12. Shape the dough into a loaf, if you’re using a loaf pan, or into a boule or batard, or whatever other free-form shape you plan to make. (If not using a pan, I typically put the shaped dough on a parchment-lined baking sheet. Then I just pull a corner of the parchment to slide it onto my baking stone.)
  13. Brush the dough generously with olive oil and let the dough rise for another 30-40 minutes. If you are using a standard loaf pan, oil it lightly and let the dough rise in it.
  14. Preheat the oven to 350 degrees Fahrenheit (or whatever temperature your oven manufacturer recommends for baking yeast breads in the form that you’re making, i.e., free-form vs. in a pan).
  15. When the dough has finished its second rise, gently slash the dough diagonally three or four times, then brush it again with olive oil. This is key. It helps gives the bread a beautiful, fragrant crust.
  16. Bake for 45 – 50 minutes, or until the bottom sounds hollow when tapped. Check the loaf after about 25 minutes. Convection ovens can make the crust a bit dark, especially those made with milk, so if the crust is looking too brown after 25 or 30 minutes, cover it very lightly with a piece of foil.
  17. When the loaf is done baking, remove from pan and let it cool on a rack for at least 30 minutes before slicing.
  18. Enjoy!!

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Comments (6) Questions (0)


about 2 years ago Scottsdale Bubbe

Questions: 1) Do rolled barley flakes have the same low glycemic index of whole or pearled barley? 2) Is barley flour a whole grain flour? 3) Who manufactures-carries rolled barley flakes and barley flour?


about 2 years ago AntoniaJames

AntoniaJames is a trusted source on Bread/Baking.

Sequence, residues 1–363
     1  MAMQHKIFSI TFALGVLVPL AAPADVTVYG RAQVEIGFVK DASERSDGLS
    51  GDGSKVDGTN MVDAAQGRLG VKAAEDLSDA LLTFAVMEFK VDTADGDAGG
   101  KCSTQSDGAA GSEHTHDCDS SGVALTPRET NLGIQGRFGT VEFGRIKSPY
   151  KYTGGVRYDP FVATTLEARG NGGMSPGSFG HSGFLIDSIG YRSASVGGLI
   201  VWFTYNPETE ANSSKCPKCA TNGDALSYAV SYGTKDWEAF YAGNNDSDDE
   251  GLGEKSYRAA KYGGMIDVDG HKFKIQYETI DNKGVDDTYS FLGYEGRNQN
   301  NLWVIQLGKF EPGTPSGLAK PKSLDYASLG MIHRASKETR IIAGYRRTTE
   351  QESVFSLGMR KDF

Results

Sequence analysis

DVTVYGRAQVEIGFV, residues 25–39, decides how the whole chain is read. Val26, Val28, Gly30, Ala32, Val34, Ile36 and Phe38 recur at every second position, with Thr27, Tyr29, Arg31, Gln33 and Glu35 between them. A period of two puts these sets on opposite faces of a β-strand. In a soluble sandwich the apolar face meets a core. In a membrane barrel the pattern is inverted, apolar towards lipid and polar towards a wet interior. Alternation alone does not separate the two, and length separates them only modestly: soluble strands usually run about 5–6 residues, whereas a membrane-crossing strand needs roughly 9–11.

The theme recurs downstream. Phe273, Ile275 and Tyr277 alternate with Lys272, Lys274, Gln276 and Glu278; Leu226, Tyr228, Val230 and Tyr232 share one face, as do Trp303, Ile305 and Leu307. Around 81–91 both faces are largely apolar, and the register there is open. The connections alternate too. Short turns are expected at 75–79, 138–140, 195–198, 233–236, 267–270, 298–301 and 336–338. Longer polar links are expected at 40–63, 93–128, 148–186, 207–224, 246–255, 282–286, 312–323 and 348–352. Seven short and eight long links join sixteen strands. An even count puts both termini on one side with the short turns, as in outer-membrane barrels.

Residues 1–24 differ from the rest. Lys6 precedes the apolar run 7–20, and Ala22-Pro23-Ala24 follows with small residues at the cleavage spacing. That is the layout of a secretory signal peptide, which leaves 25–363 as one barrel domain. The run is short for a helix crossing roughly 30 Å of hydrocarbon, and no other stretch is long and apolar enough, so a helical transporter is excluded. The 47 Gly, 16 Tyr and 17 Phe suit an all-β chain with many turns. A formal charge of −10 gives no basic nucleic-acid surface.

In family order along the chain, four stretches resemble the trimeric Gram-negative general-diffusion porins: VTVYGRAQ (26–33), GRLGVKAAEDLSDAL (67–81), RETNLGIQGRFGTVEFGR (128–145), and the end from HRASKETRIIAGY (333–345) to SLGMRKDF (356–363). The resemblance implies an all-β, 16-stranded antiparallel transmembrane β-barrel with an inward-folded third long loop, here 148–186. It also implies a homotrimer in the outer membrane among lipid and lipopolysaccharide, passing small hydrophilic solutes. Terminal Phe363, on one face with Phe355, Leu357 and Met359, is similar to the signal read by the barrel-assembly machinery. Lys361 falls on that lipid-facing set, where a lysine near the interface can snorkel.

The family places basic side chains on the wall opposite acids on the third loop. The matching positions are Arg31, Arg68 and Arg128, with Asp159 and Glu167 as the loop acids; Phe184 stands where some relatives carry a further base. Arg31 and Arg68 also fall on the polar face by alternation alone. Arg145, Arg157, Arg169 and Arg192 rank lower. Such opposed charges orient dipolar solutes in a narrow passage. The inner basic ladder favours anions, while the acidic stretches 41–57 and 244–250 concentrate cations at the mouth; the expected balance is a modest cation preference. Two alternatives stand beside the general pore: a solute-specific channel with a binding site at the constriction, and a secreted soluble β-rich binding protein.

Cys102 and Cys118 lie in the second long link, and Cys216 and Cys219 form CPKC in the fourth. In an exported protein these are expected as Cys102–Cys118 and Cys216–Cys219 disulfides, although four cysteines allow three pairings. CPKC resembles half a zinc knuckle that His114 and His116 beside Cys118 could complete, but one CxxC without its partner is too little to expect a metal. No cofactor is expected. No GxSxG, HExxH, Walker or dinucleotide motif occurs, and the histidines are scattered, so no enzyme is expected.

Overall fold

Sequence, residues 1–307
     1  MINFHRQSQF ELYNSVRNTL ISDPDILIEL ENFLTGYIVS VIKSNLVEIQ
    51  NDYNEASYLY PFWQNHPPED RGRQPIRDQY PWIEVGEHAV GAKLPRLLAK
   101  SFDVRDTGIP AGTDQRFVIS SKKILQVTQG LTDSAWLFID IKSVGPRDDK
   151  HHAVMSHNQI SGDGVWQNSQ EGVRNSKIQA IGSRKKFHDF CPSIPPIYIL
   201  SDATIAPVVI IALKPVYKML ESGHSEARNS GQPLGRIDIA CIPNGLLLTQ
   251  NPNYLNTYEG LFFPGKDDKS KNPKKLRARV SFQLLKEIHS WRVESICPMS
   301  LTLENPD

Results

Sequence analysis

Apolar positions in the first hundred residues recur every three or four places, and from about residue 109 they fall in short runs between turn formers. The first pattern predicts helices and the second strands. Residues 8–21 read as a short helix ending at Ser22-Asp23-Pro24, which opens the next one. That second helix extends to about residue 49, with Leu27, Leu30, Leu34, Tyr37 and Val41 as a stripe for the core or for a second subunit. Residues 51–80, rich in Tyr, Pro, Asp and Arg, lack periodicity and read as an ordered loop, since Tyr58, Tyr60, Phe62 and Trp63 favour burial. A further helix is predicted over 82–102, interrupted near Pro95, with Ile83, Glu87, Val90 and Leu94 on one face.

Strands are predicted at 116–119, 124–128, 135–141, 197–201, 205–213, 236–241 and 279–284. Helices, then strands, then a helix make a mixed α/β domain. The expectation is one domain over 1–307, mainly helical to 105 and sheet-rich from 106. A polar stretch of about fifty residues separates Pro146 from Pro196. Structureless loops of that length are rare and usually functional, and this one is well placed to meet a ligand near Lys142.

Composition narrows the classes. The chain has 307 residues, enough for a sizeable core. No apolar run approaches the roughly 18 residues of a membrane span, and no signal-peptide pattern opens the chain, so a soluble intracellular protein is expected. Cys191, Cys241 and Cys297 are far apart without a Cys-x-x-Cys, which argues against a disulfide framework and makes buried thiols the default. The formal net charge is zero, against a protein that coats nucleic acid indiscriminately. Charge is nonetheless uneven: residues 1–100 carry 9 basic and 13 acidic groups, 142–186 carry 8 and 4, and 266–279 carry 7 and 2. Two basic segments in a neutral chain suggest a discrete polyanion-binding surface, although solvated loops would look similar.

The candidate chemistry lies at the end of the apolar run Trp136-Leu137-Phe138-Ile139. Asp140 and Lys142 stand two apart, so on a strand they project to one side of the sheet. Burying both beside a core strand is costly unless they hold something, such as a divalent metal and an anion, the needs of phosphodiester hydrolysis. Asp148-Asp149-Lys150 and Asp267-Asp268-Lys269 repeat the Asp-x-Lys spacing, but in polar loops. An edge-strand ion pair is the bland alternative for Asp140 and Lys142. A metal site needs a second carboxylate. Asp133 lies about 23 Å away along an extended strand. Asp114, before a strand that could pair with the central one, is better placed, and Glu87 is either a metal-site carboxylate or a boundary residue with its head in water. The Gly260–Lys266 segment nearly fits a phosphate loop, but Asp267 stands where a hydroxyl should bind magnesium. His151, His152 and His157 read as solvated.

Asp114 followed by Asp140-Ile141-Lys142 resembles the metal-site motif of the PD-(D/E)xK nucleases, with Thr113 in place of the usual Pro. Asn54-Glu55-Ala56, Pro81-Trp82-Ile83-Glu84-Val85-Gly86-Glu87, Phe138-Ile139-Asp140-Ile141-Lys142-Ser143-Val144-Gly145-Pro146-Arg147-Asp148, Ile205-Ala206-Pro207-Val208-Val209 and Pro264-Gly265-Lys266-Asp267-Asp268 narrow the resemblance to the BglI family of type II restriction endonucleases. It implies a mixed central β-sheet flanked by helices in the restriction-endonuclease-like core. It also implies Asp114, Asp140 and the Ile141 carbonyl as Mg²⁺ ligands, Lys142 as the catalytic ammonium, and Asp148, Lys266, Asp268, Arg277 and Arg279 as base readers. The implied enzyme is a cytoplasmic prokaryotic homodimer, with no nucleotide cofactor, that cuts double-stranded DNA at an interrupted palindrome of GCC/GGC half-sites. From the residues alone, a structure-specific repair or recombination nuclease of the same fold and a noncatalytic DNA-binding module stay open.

I don't know the answer to your first question, so you might want to ask the Hotline here on FOOD52.

Bob's Red Mill produces both barley flour and barley flakes, which it calls "rolled barley flakes." The label on the flour bag says it is a whole grain flour.

I'm able to get both barley flakes and barley flour at an independent bulk foods store nearby (the Food Mill in Oakland -- an amazing place).

I believe I've seen them in bulk at Whole Foods, too. Call your local WFM first, though, as products offered in the stores differ, based on the demand in their local communities. With all of the alternative grain cookbooks these past few years, barley in various forms has become much more widely available! ;o)


over 4 years ago AntoniaJames

AntoniaJames is a trusted source on Bread/Baking.

Well thank you, HLA. The crumb on this is perfect, to my mind, and it smells delicious, too, as you bite into a slice. The "nose" of a good slice of bread is often overlooked. I think the honey, wheat germ and olive oil can be thanked for that here. ;o)


over 4 years ago drbabs

Barbara is a trusted source on General Cooking.

So glad you're sharing your wonderful breads!


over 4 years ago AntoniaJames

AntoniaJames is a trusted source on Bread/Baking.

My pleasure, really. This is one of my best, ever. Thanks so much. ;o)


over 4 years ago hardlikearmour

hardlikearmour is a trusted home cook.

Sounds delicious, excellent instructions, and the crumb looks beautiful! Well done, AJ!